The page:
She Was Born Unable To Smile, What Just Happened To Her Will Make You Smile…

24-year-old Tayla Clement who calls herself “The Girl Who Can’t Smile,” is hoping to become a role model for individuals who are judged based on their appearance.

Clement was born with a rare condition that left her unable to move her mouth and eyes, which led to her being bullied and becoming suicidal at her darkest moments. Well now she’s signed a contract with a lead modeling agency to combat her past.

The Paralympian and motivational speaker shared the news on Instagram, writing, “I’m super excited to take my purpose of being the empowerment, inspiration, and change I needed when I was younger, to a whole new level.”

The rare 1 in 4 million congenital incurable condition is labelled as Moebius syndrome, which negatively impacts the muscles in charge of facial expression and eye movement.

Clement revealed that brutal bullying from peers made her childhood incredibly challenging,

“People would bring plastic bags to school and tell me to put them over my head because I was so ugly they didn’t want to see me, and I didn’t deserve to be seen. I think when you grow up being told that you’re ugly and you’re worthless you believe it because you don’t know anything else.”

More details of this inspiring story from the ‘Who Knew News’ report:

Clement underwent surgery at the age of 12 to improve her smile by transferring tissue from her thigh to the corners of her lips. However, after a year of recovery, physicians were unable to rouse the nerves in her face, and nothing improved, she told 7 News in Australia. She thought the surgery would solve all her issues, but it didn’t.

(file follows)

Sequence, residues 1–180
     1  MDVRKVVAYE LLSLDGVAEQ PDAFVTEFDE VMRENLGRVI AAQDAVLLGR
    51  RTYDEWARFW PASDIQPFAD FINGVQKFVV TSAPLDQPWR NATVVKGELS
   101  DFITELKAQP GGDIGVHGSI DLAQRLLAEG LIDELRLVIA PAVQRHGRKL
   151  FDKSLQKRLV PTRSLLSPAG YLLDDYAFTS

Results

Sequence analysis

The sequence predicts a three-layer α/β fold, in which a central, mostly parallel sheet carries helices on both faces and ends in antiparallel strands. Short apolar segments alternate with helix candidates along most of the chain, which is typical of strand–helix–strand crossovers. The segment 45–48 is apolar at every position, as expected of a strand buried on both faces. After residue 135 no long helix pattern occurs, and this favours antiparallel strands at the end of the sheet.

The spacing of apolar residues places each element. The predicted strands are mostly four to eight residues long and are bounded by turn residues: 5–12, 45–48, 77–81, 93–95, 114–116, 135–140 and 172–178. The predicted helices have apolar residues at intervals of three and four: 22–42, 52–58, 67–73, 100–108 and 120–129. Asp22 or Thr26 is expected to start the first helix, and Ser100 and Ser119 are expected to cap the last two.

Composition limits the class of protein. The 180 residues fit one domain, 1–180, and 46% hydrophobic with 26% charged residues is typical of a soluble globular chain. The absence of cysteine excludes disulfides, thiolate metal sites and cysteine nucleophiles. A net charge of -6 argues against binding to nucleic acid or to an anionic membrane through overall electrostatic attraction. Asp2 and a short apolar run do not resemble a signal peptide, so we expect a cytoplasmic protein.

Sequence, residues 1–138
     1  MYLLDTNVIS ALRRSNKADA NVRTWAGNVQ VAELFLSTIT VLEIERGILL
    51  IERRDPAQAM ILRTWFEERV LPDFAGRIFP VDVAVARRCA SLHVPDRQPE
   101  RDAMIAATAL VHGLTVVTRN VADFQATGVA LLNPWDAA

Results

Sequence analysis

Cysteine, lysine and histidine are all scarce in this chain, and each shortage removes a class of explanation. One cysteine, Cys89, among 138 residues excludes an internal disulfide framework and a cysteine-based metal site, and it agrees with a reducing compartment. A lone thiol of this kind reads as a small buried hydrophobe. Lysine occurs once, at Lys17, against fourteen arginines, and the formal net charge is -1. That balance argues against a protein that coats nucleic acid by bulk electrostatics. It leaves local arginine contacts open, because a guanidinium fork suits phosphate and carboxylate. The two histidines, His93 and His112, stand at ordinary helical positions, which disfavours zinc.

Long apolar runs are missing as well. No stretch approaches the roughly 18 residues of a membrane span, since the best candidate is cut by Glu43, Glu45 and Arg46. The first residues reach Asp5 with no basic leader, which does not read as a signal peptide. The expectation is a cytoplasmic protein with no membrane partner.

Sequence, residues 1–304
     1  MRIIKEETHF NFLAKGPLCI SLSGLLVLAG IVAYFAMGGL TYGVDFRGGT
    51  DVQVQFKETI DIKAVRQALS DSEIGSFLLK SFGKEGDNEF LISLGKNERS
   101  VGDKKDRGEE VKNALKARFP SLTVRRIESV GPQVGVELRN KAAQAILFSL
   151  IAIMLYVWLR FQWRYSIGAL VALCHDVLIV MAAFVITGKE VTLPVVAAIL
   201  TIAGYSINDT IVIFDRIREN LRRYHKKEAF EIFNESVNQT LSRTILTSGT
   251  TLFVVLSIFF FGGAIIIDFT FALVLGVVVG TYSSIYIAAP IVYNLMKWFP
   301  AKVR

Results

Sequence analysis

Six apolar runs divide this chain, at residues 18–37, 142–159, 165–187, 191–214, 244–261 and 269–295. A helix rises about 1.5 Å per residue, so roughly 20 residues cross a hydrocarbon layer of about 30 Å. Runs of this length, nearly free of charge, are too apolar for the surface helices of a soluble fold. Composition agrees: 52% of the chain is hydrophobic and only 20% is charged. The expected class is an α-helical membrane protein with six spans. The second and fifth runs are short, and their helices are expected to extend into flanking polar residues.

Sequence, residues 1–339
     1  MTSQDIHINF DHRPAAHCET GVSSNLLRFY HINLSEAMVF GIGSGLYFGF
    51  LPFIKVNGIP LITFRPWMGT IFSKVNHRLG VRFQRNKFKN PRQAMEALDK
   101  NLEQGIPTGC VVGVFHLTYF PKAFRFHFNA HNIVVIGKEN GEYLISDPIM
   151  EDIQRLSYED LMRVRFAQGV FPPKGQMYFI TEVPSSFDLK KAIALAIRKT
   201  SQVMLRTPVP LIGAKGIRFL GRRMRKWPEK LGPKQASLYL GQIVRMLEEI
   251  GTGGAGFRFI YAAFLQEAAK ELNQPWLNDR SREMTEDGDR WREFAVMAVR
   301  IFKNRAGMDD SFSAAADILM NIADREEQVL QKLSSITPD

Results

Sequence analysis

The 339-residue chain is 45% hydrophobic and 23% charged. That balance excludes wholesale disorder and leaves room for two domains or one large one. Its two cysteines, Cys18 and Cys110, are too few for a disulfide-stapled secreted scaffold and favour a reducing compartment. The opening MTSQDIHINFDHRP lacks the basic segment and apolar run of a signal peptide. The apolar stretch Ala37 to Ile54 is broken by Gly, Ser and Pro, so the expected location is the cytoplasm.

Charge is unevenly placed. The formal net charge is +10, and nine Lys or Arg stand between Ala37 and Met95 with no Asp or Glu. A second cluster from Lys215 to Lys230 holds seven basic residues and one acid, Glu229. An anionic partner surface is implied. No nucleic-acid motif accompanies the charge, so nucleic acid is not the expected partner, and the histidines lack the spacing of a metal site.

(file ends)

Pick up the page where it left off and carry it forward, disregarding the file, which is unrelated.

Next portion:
Clement was bullied throughout her school years, and by the age of 17, she was having up to ten seizures a day, which physicians believed were dissociative seizures caused by extreme traumatic stress.

After graduating, Clement was able to build self-confidence, thanks in part to the gym and mediation. And now, as a model with Zebedee Talent, she’ll have the chance to inspire others.

Clement says it lights her up to be able to help and empower others. She also wishes to be a role model for others, something she lacked as a child.

She said she felt really worthless and not accepted because she didn’t see someone like her in the movies or magazines. Now, “to be so openly accepted and wanted, it just felt so amazing.”

She added, “It makes me kind of emotional, but I’m just so glad that it was me that went through everything, because I get to inspire people and help people — it just makes me so happy.”

Watch the video report here: ABCnews/Youtube


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